Being a Catholic is challenging. IMO, we’re being held to a higher standard of living. And by that I mean we’re called to being holy people. I have never heard of a protestant say that being Catholic was “easy.” I’ve always heard them say it was “too hard” and how can it be “from” Jesus when you have the possibility of losing your salvation? Another thing I’ve heard, “It’s really creepy that you eat your god.”

I dunno any one reason why any one person decides to be protestant, other than those who were born and grew up in that religion. Really, it could be any number of reasons. I know one woman who was born and raised Catholic, even confirmed! and she “converted” to this “christian” church. She was excited about her “baptism” and all that. I asked her why she likes this particular church so much. “They pay attention to me.” Well, there you go.

So anyway. IMO, it seems easier for protestants to attain salvation. I always figured this is probably the main reason they don’t convert to Catholicism. Other than the fact that they’re being erroneously taught that the Catholic Church is being run by Satan.

I agree. My not being Catholic has nothing to do with whether it is easy or hard. I have the problem with the priesthood not being for all God’s Holy children. This is a contridition to what Peter told us in I Peter chapter 2 when we are called to be living stones(Rocks). Further in I Peter 2:9-10 he says we are a Royal nation, a Kingdom of priest in the order of Melchizedek, were Jesus Christ is High Priest.Don’t really want to get into Melchizedek on this post, it’s already on another thread.I must stay true to my beliefs unless God shows me different.:wink:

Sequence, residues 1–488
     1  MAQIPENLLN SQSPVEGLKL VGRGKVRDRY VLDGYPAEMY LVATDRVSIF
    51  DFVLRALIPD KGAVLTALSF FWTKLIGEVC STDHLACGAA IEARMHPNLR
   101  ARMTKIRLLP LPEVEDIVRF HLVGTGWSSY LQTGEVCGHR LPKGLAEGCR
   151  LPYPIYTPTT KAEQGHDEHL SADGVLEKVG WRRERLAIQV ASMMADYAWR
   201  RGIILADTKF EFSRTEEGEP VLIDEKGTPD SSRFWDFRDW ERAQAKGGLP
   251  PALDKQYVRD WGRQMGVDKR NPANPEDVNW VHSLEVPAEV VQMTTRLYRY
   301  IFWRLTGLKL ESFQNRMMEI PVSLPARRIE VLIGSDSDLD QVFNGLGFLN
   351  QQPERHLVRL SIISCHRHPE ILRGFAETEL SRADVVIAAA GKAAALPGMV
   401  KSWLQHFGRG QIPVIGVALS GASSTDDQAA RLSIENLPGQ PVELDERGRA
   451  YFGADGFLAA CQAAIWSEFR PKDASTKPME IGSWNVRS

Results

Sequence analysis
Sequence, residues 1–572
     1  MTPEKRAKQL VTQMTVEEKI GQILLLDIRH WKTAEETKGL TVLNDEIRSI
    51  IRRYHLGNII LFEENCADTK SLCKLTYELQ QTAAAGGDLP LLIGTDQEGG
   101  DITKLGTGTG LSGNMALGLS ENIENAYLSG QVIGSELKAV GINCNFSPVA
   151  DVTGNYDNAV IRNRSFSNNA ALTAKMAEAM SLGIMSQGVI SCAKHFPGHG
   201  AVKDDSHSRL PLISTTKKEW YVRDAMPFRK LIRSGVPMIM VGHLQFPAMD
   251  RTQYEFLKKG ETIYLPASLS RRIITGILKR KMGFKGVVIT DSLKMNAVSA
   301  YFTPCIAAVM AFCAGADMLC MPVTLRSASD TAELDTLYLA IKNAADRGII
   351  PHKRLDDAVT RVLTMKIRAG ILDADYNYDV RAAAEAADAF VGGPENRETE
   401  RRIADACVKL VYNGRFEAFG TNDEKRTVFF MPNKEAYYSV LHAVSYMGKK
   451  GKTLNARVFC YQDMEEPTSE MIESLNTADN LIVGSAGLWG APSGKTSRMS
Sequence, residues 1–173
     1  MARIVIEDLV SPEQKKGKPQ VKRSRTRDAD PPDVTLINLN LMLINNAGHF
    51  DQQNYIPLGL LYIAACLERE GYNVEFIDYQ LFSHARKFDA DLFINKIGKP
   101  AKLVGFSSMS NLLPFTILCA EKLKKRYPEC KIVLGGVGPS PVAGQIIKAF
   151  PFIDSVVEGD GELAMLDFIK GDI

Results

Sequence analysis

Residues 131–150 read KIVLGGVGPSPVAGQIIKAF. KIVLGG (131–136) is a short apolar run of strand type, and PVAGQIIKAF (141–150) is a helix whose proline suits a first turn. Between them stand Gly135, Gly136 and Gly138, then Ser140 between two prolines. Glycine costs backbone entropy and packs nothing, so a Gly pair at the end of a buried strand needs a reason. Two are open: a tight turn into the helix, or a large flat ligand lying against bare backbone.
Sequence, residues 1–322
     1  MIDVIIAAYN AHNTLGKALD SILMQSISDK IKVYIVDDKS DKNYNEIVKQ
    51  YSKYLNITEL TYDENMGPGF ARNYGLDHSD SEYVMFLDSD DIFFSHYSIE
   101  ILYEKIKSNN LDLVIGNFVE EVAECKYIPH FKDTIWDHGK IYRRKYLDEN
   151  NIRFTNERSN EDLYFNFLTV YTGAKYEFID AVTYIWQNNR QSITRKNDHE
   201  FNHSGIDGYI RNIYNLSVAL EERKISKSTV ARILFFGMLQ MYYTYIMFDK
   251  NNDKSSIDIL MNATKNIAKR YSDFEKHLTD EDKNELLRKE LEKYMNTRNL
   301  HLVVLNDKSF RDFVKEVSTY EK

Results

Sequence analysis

GK Chesterton used to remark on phenomenon like this. He said something to the effect of being glad to hear that critics of the Church complain that she is

  1. too strict / too easy
  2. too rich / too focused on the plight of the poor
  3. too material / too ethereal
  4. too involved in politics / not enough involved in politics…

You get the idea. His point was that truth takes flak from all sides. If all your flak is coming from one side… be worried.

=nsper7;5221884]I did not mean to incorrectly paint an incorrect picture of OSAS or Sola Fide, but I am sure you can agree it is hard to address ‘Protestantism’. After all, some Protestants are OSAS, but they believe Faith+something (i.e. Baptism, public affirmation, etc.) is needed to enter into permanent Salvations. Some are Sola Fide, but not OSAS (as you just described). Others are neither OSAS nor Sola Fide (or you get into different definitions of what faith really is).